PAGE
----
Sadly I was wrong- Mr. Huckabee is just another one of those wolves in sheep’s clothing. More dangerous than Pat Robertson or Jerry Falwell because he is so folksy and “appealing” in his “shucks I’m just a guy” sort of way that hides that evil prejudice and he can make many people, including myself, think that he was a Christian in the model of Jesus, not in the model of Falwell and Robertson. That is scary!


Responses

  1. Hi Randy,

    I’m a first time reader of your blog, a traditional Christian, and an enthusiastic supporter of Gov. Huckabee. I’m very sorry that Huckabee’s comments here have changed your opinion of him so drastically. While it is natural for you to disagree with him on any number of issues, and I wouldn’t expect you to vote for him, I wonder if you would entertain an argument that your first impression was actually the right one. I hope you will find me to be one of the “fair-minded Christians” you speak of.

    The language of “changing the Constitution to line up with God’s standards” can indeed be interpreted as you suggest – establishing some sort of theonomist Old Testament regime. Yet this is not what most of us mean when we would say such a thing (in fact I would be horrified by any such attempt, and stand beside you in fighting it – as would Huckabee). What we mean is that there is true justice that our laws and societies are trying to achieve, and when we are lacking this we need to be willing to change things. Great examples of this is the slavery, civil rights, and women’s sufferage amendments to the constitution. Here our laws were lacking true justice, so we amended the constitution, in our language, to meet up to “God’s standards”.

    Anyway, the overarching point that I am making is that there is no silver bullet here. There’s no magic rhetorical trigger that signals “evil religious language – must resist!” You can’t just react when a Christian says that our laws need to meet “God’s standards” as if we are the taliban – that’s not fair mindedness. No, you have to do the hard work of hearing us out and seeing what we are actually proposing to do.

    Huckabee is referring to his proposals of the marriage amendment and the human life ammendment. I understand your disapproval of the first, but surely you must at least understand why we think the second is perfectly in line with previous civil rights amendments. We see an entire segment of our population as vulnerable to death and dismemberment, even though our core values say that every human being is entitled to life, liberty, and the pursuit of happiness because of intrinsic worth. We can debate this, but we simply do not see this as a matter of reducing liberty, but rather in protecting the core human rights of the weakest and most defenseless among us.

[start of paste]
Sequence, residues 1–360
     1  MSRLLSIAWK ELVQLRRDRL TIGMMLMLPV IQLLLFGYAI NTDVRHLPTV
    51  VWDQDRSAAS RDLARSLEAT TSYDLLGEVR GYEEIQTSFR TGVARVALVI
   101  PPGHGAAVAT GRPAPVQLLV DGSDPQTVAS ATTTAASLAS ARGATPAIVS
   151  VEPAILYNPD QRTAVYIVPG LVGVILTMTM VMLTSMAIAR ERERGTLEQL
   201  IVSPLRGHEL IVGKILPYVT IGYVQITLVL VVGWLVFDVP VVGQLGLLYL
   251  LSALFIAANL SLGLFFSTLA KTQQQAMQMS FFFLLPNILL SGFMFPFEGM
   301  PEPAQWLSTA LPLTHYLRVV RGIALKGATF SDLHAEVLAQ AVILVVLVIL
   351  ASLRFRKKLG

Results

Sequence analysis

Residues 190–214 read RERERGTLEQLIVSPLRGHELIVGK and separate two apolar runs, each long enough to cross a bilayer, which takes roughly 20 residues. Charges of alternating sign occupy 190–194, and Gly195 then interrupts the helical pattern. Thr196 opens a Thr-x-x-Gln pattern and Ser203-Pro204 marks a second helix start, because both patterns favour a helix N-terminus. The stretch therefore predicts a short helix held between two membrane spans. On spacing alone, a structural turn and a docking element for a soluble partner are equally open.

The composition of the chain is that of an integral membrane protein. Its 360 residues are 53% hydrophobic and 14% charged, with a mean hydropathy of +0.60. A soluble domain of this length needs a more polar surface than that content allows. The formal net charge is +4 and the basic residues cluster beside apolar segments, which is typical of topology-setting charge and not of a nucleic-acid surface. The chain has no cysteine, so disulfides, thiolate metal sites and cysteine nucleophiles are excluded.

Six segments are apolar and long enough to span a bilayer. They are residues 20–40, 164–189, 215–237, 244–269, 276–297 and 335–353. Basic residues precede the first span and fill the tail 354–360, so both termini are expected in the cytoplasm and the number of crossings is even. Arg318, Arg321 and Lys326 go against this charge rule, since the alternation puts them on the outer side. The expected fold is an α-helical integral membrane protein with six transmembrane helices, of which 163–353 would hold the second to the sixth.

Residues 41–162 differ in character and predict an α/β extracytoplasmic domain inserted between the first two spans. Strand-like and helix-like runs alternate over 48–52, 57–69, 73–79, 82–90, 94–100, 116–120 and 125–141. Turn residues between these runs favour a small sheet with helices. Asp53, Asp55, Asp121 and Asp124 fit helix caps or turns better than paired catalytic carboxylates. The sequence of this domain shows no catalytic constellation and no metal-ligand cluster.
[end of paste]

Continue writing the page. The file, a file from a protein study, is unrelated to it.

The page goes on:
Huckabee has admitted that it was a sloppy thing to say – in that people like you get the impression that you got. But it is my argument that it is very much the wrong one. We don’t want to establish some sort of Torah-driven theocratic legal system. We do want our laws to more perfectly embody the principles of justice and equity and core virtues which we (as Christians) believe came ultimately from God.

    I appeal to you to give him another chance – to be willing to forgive him using “Christianese” and consider that he really does want to do the difficult task of both staying true to his convictions and engaging folks more like yourself with respect and honor.

  2. I truly do appreciate your thoughtful comments but as thougthful as your comments are, I haven’t been swayed me. I guess I have seen such vitriolic hatred from the Chirstian conservatives and this absurd revisionist idea that we are a Christian nation founded on Christian values, when in fact many of the founding fathers considered themselves Theists and not Christians, an incorrect assumption, that I am very wary when someone makes some statements like Mr. Huckabee has.

    We are a nation found on democratic values- values that came from pantheistic Greek philosophers. The concept of democracy first appeared in Ancient Greek political and philosophical thought in the writings of Plato. Our government is a Republic- which is based on Ancient Rome- another non-Christian pantheistic society. The idea we are a government based on Judeo-Christian values is simply untrue. Our principles are based on Ancient Greek and Roman thought.